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cURL Cheat Sheet

I got tired of looking up the same flags all the time.
cURL Cheat Sheet

cURL is an invaluable tool in any webapp pentesters répertoire. If you're not familiar with the tool, allow me to introduce you. cURL simply put, is a command line tool that allows you to transfer data from point a to point b. For this line of work, it is mostly used in reference to a web server. There are many automations you can create using curl and loops, however, for this post I am going to be sticking to just the tool itself and common commands I use and their flags.

curl <targetip>:<targetport>/<subdirectories>
This example is the simplest usage of cURL. By filling in any applicable fields you send a GET request to a website.

-L will tell cURL to follow through 3xx redirects. This is helpful for when a site is configured to redirect traffic to 443 as the original cURL request will only return the redirect page.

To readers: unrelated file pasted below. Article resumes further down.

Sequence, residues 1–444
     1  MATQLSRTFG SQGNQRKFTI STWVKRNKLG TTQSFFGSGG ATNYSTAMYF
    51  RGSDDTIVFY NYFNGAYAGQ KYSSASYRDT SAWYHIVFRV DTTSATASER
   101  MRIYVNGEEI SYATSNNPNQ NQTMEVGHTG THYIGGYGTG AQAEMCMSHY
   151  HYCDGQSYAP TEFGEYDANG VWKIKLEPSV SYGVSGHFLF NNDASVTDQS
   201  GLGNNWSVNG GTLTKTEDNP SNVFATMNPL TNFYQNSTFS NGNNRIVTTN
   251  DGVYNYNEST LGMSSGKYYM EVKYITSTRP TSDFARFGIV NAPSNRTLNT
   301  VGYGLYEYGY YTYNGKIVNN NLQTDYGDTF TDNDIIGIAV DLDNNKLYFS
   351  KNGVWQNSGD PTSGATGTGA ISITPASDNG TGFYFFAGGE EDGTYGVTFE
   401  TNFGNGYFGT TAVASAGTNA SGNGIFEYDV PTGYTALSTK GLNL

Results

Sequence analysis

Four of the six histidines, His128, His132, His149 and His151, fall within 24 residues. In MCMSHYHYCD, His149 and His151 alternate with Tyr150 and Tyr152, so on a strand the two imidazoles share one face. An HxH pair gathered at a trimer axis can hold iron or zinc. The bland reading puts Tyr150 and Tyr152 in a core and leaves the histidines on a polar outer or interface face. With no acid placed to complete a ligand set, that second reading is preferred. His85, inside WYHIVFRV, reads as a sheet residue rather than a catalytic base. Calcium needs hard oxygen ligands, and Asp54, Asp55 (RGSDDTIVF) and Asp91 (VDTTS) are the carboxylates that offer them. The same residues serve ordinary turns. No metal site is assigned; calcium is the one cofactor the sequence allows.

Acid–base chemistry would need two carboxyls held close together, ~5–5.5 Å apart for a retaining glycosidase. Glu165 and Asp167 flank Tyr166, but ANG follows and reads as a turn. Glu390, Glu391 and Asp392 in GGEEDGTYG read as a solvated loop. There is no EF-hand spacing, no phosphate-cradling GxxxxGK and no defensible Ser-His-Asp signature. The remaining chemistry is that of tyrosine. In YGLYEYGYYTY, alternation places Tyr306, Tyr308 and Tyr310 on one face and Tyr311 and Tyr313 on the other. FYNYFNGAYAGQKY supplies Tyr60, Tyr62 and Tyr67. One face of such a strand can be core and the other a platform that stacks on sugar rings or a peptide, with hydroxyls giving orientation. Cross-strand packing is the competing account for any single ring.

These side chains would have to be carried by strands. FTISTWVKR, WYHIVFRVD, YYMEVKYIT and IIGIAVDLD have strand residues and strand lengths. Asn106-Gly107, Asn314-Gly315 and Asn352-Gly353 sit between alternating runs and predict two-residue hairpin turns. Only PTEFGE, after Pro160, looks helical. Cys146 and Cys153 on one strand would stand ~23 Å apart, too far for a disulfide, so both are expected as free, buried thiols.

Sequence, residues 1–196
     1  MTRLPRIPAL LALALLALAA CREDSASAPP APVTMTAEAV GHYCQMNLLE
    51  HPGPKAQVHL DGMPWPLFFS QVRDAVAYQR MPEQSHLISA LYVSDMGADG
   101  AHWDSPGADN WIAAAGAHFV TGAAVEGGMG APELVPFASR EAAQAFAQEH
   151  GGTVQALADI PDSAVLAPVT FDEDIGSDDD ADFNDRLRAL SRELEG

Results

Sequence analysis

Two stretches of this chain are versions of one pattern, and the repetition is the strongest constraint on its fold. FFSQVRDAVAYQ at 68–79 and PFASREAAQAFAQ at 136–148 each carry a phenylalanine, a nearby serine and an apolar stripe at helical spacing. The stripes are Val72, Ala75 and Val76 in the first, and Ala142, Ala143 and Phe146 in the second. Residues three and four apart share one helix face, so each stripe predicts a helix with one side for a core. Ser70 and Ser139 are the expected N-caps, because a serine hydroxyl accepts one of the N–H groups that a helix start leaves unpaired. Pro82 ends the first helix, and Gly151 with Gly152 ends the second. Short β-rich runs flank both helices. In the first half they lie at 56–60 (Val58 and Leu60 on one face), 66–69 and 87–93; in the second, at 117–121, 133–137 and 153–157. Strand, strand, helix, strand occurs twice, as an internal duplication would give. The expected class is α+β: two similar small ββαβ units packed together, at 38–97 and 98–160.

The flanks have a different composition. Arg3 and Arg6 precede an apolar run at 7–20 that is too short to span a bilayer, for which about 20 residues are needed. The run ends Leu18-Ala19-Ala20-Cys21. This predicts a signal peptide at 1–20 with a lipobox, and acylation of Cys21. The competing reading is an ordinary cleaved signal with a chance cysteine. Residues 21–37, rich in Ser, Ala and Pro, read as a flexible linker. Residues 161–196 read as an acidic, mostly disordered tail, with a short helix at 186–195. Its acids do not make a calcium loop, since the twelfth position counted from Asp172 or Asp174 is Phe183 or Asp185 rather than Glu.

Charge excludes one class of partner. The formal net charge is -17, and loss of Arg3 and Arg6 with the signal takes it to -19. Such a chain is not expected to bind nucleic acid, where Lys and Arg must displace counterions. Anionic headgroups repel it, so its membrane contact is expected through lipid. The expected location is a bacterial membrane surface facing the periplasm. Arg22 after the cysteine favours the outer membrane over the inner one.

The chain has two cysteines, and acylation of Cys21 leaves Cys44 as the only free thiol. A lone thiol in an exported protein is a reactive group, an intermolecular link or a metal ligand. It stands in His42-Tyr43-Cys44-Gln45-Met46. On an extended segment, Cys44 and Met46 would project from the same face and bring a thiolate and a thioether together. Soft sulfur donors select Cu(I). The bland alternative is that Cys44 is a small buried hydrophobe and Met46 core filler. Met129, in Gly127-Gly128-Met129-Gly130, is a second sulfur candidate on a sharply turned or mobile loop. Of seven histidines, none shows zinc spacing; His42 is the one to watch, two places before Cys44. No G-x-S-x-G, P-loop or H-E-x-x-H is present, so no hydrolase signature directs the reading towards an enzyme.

-k allows cURL to continue on even if its comes across an insecure SSL cert. Again, very useful especially if you're testing something locally for PoC purposes.
-u is for authentication. The proper format here is -u <username>:<password>
-i is another useful flag. This will print out response headers along with its content.
-H lets you define a header.
-A is for setting a user agent.
-v is super useful. As is common, this is for enabling verbose. Like other programs, -vv & -vvv increased the information displayed.
--trace is in the same vein of things. Adding this in will dump a full trace of all incoming and outgoing data.

curl -X POST -d '<body>' <targetip>:<targetport>/<subdirectories>
Here we are sending data to the target web server.  

-X sets the request methods. HTTP request methods are : GET HEAD PUT POST DELETE
-d sets the body of the data you are sending.

curl -c - <targetip>:<targetport>/<subdirectories>
One of the more common things you will need is the cookie served to you by the web server.

-c will print the cookie returned and store it in the "cookie-jar". Which is a file that temporarily holds any cookies you receive or create.

curl -b '<cookiename>=<cookievalue>' -c - <targetip>:<targetport>/<subdirectories>
Here you are sending a cookie to your target server.

-b allows you to send "raw" cookies.